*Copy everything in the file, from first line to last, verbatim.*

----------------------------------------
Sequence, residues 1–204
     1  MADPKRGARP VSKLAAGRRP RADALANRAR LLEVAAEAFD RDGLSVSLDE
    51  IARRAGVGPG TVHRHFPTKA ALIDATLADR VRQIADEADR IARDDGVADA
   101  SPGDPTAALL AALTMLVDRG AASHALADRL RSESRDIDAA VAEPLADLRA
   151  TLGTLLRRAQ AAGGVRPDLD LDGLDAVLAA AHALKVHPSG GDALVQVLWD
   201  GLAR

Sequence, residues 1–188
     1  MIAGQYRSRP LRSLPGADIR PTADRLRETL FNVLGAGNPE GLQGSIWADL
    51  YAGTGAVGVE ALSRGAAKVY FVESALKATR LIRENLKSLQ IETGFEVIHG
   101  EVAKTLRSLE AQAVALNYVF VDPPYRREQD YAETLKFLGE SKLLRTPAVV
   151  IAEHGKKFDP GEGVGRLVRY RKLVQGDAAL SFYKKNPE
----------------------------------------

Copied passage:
Sequence, residues 1–204
     1  MADPKRGARP VSKLAAGRRP RADALANRAR LLEVAAEAFD RDGLSVSLDE
    51  IARRAGVGPG TVHRHFPTKA ALIDATLADR VRQIADEADR IARDDGVADA
   101  SPGDPTAALL AALTMLVDRG AASHALADRL RSESRDIDAA VAEPLADLRA
   151  TLGTLLRRAQ AAGGVRPDLD LDGLDAVLAA AHALKVHPSG GDALVQVLWD
   201  GLAR

Sequence, residues 1–188
     1  MIAGQYRSRP LRSLPGADIR PTADRLRETL FNVLGAGNPE GLQGSIWADL
    51  YAGTGAVGVE ALSRGAAKVY FVESALKATR LIRENLKSLQ IETGFEVIHG
   101  EVAKTLRSLE AQAVALNYVF VDPPYRREQD YAETLKFLGE SKLLRTPAVV
   151  IAEHGKKFDP GEGVGRLVRY RKLVQGDAAL SFYKKNPE